It’s a very unfortunate moment when the realisation hits that you no longer have your childhood metabolism.
God, that freedom to just eat and do whatever I please are days that I ought to bid farewell, as now having to resort to ‘healthy’ eating and doing my daily 30-minutes’ of exercise is something that’s just gotta happen. So, with that in mind, I have devised my own plan (which I am very much still getting to grips with myself) of my gym routine, and here are some pointers for those who also have a desire to get moving, but aren’t too sure on where to start.
Go when it’s quiet
It’s no shock that many people perceive the gym to be a place that makes your anxiety sore, more so for those who are complete novices at using machines, weights, resistance bands etc. All it takes is a single glance over at the person using all of those things (and looking amazing whilst doing it!), for you to wish you had the same knowledge as them. So, therefore, to get over this initial fear promptly, it is best advised that you go to the gym at non-peak hours. It’s typical that regular gym-goer’s workout before and after the standard 9-5 working day hours, so you’re best avoiding the gym any time before 9am and between 5pm-7pm. Granted, this can prove to be quite awkward if your work pattern falls in this way, however this doesn’t have to be forever! It is a mere method of building your confidence without having an abundance of fit and toned people surrounding you when you’re getting to grips with the basics.
Ask a PT – they’re there to help
Whether it be your monthly gym membership sets you back £60 or £15, the chance to ask personal trainers questions regarding your progress has never been easier. Many gyms have their own apps for you to pre-book slots with a personal trainer, whilst others operate on an ‘ask on the day’ basis – whereby if you see a gym worker wandering around, feel free to stop them and ask whatever is on your mind. With that, inductions are a fantastic way to learn the basics of gym machines. It can be incredibly easy to injure yourself whilst exercising on gym machines, especially when weights are added – it can be as simple as having slightly off form that can cause you to tear a muscle, resulting in you simply pushing yourself further away from your goals. Ask the question before assuming you know what you’re doing.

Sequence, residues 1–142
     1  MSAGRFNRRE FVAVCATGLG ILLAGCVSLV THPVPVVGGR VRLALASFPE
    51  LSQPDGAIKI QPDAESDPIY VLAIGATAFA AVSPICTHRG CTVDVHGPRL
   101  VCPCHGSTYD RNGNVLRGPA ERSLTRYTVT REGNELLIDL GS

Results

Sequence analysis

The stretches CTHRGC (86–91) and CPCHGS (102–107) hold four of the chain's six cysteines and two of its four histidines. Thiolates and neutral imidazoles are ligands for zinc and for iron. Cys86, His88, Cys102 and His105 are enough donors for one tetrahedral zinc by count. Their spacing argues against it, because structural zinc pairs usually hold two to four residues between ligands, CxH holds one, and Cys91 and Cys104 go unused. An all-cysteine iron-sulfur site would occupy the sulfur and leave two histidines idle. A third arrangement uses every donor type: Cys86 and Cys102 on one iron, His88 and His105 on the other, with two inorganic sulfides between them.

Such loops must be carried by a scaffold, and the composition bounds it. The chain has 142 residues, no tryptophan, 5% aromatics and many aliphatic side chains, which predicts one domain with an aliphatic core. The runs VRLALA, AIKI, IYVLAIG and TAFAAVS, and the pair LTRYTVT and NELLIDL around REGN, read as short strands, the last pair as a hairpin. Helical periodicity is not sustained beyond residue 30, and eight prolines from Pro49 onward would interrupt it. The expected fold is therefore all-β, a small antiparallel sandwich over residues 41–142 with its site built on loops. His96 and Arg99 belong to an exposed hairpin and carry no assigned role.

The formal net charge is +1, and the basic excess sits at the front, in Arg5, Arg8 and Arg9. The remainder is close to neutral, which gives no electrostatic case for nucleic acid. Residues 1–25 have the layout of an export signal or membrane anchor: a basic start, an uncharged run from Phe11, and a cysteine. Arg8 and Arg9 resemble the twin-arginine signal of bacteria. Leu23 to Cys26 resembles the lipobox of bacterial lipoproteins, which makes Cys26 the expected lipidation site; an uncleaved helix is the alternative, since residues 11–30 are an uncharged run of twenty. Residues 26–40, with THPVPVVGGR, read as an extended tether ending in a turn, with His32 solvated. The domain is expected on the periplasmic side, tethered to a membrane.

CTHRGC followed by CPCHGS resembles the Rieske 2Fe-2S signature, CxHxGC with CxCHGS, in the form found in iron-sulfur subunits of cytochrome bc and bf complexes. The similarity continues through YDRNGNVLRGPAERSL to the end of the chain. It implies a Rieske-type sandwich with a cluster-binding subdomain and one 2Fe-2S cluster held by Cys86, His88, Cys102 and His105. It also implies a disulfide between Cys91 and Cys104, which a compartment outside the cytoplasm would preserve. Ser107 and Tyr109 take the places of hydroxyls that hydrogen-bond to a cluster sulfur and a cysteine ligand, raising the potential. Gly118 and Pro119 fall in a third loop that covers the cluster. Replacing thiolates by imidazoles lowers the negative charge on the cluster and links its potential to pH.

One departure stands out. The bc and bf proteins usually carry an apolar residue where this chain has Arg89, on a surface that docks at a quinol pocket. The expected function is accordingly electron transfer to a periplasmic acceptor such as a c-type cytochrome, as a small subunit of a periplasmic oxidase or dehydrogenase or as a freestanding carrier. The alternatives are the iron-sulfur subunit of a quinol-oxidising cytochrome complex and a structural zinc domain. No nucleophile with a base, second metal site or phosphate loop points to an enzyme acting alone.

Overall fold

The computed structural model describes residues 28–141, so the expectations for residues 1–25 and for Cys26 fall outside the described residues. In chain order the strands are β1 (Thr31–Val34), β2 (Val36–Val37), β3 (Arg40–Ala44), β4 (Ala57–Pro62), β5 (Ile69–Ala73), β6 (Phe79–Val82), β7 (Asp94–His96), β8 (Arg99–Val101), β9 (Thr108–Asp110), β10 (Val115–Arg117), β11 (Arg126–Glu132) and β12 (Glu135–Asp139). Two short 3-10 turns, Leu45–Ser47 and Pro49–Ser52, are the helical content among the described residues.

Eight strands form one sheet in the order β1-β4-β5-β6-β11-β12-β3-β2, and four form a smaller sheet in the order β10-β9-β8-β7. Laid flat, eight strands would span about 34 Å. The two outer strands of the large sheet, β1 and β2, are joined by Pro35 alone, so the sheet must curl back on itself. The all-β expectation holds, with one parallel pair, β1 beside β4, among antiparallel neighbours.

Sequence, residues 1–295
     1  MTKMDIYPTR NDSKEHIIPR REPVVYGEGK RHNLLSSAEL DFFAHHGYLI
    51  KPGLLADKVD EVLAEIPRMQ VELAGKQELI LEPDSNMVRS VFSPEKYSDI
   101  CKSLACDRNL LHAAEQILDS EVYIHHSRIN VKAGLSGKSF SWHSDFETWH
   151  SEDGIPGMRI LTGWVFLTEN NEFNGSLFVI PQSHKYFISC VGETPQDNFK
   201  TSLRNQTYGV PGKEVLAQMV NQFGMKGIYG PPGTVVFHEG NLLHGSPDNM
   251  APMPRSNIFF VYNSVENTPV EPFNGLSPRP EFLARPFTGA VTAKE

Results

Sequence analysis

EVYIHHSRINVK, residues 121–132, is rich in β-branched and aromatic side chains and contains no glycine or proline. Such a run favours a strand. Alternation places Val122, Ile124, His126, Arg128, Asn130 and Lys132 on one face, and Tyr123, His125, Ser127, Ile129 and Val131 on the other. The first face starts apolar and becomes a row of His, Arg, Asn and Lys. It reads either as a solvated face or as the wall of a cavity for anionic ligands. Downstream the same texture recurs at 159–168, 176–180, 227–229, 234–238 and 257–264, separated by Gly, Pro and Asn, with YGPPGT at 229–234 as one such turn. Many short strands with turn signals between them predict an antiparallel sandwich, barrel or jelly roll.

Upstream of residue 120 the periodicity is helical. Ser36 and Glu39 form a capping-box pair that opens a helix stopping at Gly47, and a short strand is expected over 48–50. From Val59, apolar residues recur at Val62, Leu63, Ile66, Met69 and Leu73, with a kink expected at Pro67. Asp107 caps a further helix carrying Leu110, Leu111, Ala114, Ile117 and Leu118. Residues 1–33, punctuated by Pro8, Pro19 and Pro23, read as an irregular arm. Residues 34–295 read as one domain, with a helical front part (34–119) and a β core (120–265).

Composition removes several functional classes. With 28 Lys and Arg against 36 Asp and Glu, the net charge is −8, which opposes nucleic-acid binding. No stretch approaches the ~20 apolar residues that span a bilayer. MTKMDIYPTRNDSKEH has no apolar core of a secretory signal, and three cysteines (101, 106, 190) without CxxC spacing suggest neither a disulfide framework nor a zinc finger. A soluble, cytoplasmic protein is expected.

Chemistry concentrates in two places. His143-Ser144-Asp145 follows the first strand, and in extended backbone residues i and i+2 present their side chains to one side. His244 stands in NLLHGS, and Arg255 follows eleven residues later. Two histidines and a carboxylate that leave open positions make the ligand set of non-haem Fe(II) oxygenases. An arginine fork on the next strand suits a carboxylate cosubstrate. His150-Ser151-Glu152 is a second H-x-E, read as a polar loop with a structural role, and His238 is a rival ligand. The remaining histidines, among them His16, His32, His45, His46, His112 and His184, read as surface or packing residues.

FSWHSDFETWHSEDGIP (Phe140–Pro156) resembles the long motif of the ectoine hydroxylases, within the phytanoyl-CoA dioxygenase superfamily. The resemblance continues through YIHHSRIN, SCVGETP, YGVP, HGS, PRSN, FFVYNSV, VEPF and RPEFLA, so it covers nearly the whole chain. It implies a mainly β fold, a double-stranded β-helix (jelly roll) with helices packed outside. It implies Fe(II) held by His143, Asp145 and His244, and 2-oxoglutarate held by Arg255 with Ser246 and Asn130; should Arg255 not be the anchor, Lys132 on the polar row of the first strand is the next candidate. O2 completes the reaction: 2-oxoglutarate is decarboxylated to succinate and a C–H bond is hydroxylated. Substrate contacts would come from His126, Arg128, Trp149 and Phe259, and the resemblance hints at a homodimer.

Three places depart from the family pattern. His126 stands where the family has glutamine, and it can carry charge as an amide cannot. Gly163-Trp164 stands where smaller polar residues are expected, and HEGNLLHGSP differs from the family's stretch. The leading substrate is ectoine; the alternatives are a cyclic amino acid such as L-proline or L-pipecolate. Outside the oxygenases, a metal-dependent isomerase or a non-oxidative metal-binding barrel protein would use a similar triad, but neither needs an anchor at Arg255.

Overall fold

Don’t go so hard on yourself
^This sentence can be applicable in two senses when calculating your gym routine: overdoing it by using heavy weights at the beginning, and expecting results to come through instantly.
Firstly, it’s SO important that you start off light and build up as you go, even if you find the weight you’re using on the easy side to begin with, as once you get to your third or fourth set, you’ll begin to feel it. It is a lot better to start off light and work your way up, but it is best advised you only add weight once you’re entirely confident with your progress.
The latter – results don’t come overnight. It takes a fair few sessions for you or anyone else to notice changes. If you’re going to the gym 3-4 times a week whilst also switching up your lifestyle and eating habits, it can take at least 2 weeks for you to recognise changes. I recently saw this post on Pinterest and with a positive and healthy mentality, this could be you too.
Track it ALL
Runnersworld.com, Wired and an array of fitness influencers like Grace Beverley have all stated that tracking your fitness is the best way of keeping at your routine to achieve your goals. Take note of your start weight and check in every week or 2 to record your improvements. If weight loss isn’t your desired goal and more so toning and muscle gain, take clear photos of yourself at the start of your fitness journey, again, checking in over the course of a few weeks to see your improvements. Having clear-cut, concrete evidence that you’ve pushed yourself and it’s been worthwhile will encourage you to keep going.